The New York state court system has instituted a new filing requirement in residential foreclosure cases that officials say will “protect the integrity of the foreclosure process and prevent wrongful foreclosures.”
Lenders’ counsel are now required to file an affirmation with the court certifying that they have reviewed and verified the accuracy of documents filed in support of residential foreclosure actions.
Chief Judge Jonathan Lippman introduced the new filing requirement in response to recent disclosures by major mortgage lenders and servicers of potential errors in residential foreclosure filings with the courts, including widespread deficiencies in notarization and so-called “robosigning” of supporting documents.
GMAC Mortgage, Bank of America, and JPMorgan Chase all suspended foreclosures in certain states to review case files after news surfaced that proper procedures may not have been followed, as did PNC Financial and Litton Loan Servicing.
GMAC and BofA have since announced that they will begin resuming foreclosures after finding no evidence of improper actions.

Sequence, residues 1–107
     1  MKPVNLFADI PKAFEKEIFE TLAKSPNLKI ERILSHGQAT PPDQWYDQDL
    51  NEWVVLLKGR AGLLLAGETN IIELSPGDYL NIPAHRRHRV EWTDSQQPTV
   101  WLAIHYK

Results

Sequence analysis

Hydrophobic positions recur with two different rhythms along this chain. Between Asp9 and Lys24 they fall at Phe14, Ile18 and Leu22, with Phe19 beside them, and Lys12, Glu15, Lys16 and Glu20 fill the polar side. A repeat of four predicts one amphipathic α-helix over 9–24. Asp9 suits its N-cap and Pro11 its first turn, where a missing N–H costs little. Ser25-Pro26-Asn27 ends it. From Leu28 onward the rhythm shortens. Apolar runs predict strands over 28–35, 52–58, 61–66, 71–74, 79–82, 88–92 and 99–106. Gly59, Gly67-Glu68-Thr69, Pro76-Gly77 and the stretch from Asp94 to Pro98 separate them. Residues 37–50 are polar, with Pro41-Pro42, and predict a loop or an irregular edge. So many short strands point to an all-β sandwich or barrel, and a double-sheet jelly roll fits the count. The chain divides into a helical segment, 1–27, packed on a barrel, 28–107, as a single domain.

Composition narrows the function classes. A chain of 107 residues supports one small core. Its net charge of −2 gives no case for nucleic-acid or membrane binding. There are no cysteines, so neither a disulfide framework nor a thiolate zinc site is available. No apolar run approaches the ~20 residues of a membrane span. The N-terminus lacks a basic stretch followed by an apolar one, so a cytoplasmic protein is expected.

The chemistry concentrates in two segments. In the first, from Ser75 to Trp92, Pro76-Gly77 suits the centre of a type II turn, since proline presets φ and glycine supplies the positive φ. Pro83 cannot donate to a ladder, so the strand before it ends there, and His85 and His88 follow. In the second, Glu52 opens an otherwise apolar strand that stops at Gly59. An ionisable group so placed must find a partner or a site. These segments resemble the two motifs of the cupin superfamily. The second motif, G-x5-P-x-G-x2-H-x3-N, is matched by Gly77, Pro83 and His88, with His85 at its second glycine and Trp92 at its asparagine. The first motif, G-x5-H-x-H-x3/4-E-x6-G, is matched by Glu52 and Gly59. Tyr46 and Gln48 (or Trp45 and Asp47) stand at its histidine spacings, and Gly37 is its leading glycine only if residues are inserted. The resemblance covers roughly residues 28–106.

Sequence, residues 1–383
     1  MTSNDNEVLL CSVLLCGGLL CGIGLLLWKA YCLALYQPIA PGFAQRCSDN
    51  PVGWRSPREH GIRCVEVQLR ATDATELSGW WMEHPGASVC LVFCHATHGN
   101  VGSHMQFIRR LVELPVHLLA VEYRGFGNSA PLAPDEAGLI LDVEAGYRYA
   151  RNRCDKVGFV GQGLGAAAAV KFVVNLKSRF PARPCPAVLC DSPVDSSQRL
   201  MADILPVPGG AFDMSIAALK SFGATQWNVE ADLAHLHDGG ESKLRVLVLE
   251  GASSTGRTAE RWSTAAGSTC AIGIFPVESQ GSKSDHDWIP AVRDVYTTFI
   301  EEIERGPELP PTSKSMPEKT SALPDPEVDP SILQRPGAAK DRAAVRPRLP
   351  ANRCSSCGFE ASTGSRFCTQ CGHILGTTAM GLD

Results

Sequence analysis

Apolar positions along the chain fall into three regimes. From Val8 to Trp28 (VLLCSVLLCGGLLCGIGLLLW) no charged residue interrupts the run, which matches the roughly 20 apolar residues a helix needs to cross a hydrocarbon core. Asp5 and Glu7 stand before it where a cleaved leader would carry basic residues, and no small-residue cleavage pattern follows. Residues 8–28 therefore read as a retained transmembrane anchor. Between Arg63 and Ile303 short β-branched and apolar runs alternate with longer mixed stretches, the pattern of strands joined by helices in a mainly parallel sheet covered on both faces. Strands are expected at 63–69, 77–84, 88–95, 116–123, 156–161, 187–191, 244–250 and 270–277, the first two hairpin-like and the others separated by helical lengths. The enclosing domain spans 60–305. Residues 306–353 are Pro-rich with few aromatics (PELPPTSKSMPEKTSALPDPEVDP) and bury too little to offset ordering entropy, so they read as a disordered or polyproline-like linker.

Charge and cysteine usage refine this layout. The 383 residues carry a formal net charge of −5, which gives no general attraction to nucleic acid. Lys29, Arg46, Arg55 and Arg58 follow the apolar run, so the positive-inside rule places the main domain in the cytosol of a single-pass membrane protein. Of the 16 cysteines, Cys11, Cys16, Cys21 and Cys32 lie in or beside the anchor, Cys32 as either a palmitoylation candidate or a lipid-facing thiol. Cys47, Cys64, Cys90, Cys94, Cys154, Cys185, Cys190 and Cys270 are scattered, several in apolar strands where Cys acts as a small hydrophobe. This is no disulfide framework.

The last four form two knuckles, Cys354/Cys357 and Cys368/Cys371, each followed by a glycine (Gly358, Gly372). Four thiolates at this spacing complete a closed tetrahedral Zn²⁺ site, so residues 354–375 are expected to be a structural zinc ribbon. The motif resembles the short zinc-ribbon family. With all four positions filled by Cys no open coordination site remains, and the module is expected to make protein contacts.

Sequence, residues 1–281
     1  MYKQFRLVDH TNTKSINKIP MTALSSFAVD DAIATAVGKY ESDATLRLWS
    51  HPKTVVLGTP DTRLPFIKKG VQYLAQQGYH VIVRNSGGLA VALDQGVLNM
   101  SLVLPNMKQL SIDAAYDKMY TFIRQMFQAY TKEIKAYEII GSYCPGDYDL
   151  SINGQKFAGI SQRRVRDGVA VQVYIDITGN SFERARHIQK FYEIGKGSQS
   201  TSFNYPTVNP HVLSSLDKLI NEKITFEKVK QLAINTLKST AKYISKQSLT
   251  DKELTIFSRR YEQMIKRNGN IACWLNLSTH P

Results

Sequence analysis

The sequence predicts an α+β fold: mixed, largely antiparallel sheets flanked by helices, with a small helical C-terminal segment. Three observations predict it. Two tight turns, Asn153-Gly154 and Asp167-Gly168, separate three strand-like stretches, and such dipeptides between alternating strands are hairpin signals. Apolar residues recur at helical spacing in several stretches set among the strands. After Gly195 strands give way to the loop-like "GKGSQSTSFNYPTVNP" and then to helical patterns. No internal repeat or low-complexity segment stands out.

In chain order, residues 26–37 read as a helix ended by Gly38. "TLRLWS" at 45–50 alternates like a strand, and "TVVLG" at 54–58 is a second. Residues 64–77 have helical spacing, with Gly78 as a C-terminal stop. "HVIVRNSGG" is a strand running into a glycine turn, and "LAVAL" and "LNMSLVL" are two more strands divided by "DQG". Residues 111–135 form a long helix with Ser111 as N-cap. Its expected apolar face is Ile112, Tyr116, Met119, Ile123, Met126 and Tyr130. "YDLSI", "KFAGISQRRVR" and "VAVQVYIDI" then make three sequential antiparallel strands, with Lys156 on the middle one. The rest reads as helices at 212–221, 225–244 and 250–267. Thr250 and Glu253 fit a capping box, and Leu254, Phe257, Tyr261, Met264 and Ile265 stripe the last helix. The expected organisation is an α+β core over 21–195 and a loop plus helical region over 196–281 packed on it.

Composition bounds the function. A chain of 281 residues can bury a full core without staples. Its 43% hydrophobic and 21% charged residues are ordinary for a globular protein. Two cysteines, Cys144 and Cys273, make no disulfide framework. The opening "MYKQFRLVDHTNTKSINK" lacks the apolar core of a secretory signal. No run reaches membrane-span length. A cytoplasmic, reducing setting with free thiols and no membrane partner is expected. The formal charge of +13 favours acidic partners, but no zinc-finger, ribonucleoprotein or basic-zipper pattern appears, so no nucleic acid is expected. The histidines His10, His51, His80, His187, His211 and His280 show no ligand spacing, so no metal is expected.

The new requirement in New York, one of the judicial foreclosure states, is effective immediately and was created with the approval of the presiding justices of all four judicial departments.
Chief Judge Lippman said in a statement, “We cannot allow the courts in New York State to stand by idly and be party to what we now know is a deeply flawed process, especially when that process involves basic human needs – such as a family home – during this period of economic crisis.”
Lippman added, “This new filing requirement will play a vital role in ensuring that the documents judges rely on will be thoroughly examined, accurate, and error-free before any judge is asked to take the drastic step of foreclosure.”
Under the new requirement, plaintiff’s counsel in foreclosure matters must submit the affirmation at one of several stages.
In new cases, the affirmation must accompany the Request for Judicial Intervention.
In pending cases, the affirmation must be submitted with either the proposed order of reference or the proposed judgment of foreclosure.
In cases where a foreclosure judgment has been entered but the property has not yet been sold at auction, the affirmation must be submitted to the court referee, and a copy filed with the court, five business days before the scheduled auction.
Attorneys are also obligated to file an amended version of the affidavit if new facts emerge after the initial filing.
Commenting on the new filing requirements, New York State Bar Association President Stephen P. Younger, said, “The Chief Judge has taken swift steps to address a nationwide problem in foreclosure actions. The New York State Bar Association applauds any effort to preserve and maintain the integrity of the foreclosure process.”
This article is from DSNews.com.
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